Smash Mouth Frontman Yells 'F--- That COVID' While Performing at South Dakota Motorcycle Rally

Thousands of attendees, many without masks, gathered in a massive crowd for Smash Mouth's performance at the Sturgis Motorcycle Rally

Smash Mouth
Steve Harwell of Smash Mouth. Photo: Michael Tullberg/Getty

Smash Mouth performed over the weekend at the Sturgis Motorcycle Rally in South Dakota for a crowd that clearly violated social distance orders amid the coronavirus pandemic.

As seen in a video shared on Twitter by news reporter Connor Matteson, thousands of attendees, the majority of which were not seen wearing masks, gathered in a massive crowd for the annual 10-day event.

"We're all here together now and we’re being human once again," lead singer Steve Harwell could be heard saying in the video, before he added, "F--- that COVID s---," which earned cheers and laughs from the audience.

A rep for Smash Mouth did not immediately respond to PEOPLE's request for comment.

In a statement to Billboard, the band's manager Robert Hayes said that they spent "endless hours" ensuring the rally was safe to perform at and were "very happy" with the outcome.

"The Smash Mouth organization is taking this pandemic very seriously and has taken measures to keep our band, crew and fans as safe as possible during this time," he said.

Hayes also told the outlet that "most" attendees were on their motorcycles which "eliminated a lot of physical contact between attendees and actually created a forced social distance."

Smash Mouth
Smash Mouth. Brad Barket/Getty

On Friday, thousands of cyclists began arriving in Sturgis, South Dakota, many of whom were not seen wearing masks —which visitors are not being required to wear.

At the rally, a shirt was also being sold that read "Screw COVID I went to Sturgis," according to the Associated Press, which had a reporter on the scene.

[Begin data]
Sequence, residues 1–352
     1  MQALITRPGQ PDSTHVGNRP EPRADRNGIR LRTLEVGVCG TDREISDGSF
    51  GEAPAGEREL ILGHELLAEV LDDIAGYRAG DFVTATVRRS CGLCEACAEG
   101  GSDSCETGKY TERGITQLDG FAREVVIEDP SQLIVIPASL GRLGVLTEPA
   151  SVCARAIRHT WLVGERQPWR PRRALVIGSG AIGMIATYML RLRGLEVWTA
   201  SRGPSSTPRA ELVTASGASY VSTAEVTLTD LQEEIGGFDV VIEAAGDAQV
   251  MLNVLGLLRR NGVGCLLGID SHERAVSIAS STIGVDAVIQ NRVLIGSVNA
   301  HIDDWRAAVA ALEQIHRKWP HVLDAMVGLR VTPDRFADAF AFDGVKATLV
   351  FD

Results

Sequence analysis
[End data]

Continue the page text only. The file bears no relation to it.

A total of 250,000 visitors are expected to attend the annual 10-day event, which typically attracts crowds of 500,000, according to ABC News.

Rod Woodruff, who operates a campground and concert venue outside the city, told USA Today that despite the official estimate, many believe that this year's festival, which is already on track to be the largest gathering in the country since the pandemic began, is "going to be bigger than ever."

Sturgis Motorcycle Rally
Motorcyclists arrive in Sturgis, South Dakota, ahead of the start of the annual event. Michael Ciaglo/Getty Images
Sturgis Motorcycle Rally
A woman watching a band perform at the Sturgis Motorcycle Rally. Michael Ciaglo/Getty Images

In a recent city survey, over 60 percent of Sturgis residents said they would rather the rally be postponed, but the city decided to go ahead with the event — which generates millions for the town —making a number of modifications with safety in mind.

"In addition to the normal cleaning efforts, nightly sanitization of sidewalk areas will take place in the downtown area," the city wrote in a press release, noting the continuance of the city's Good Deeds program, which provides a free contactless delivery service for residents with pre-existing conditions or health concerns.

Additionally, the city has canceled a number of events, including parades and concerts, which they hope will reduce crowding in the city's downtown hub. Mayor Mark Carstensen also told CNN that the city will be setting up sanitation stations and providing masks

Sturgis Motorcycle Rally
Visitors attending a concert in Sturgis on Friday. Michael Ciaglo/Getty Images

Gov. Kristi Noem has seemed unconcerned about the risk, saying that South Dakota is "in a good spot."

"I trusted my people, they trusted me, and South Dakota is in a good spot in our fight against COVID-19," Gov. Noem tweeted last Thursday. "The #Sturgis motorcycle rally starts this weekend, and we're excited for visitors to see what our great state has to offer!"

As information about the coronavirus pandemic rapidly changes, PEOPLE is committed to providing the most recent data in our coverage. Some of the information in this story may have changed after publication. For the latest on COVID-19, readers are encouraged to use online resources from CDC, WHO, and local public health departments. To help provide doctors and nurses on the front lines with life-saving medical resources, donate to Direct Relief here.

Related Articles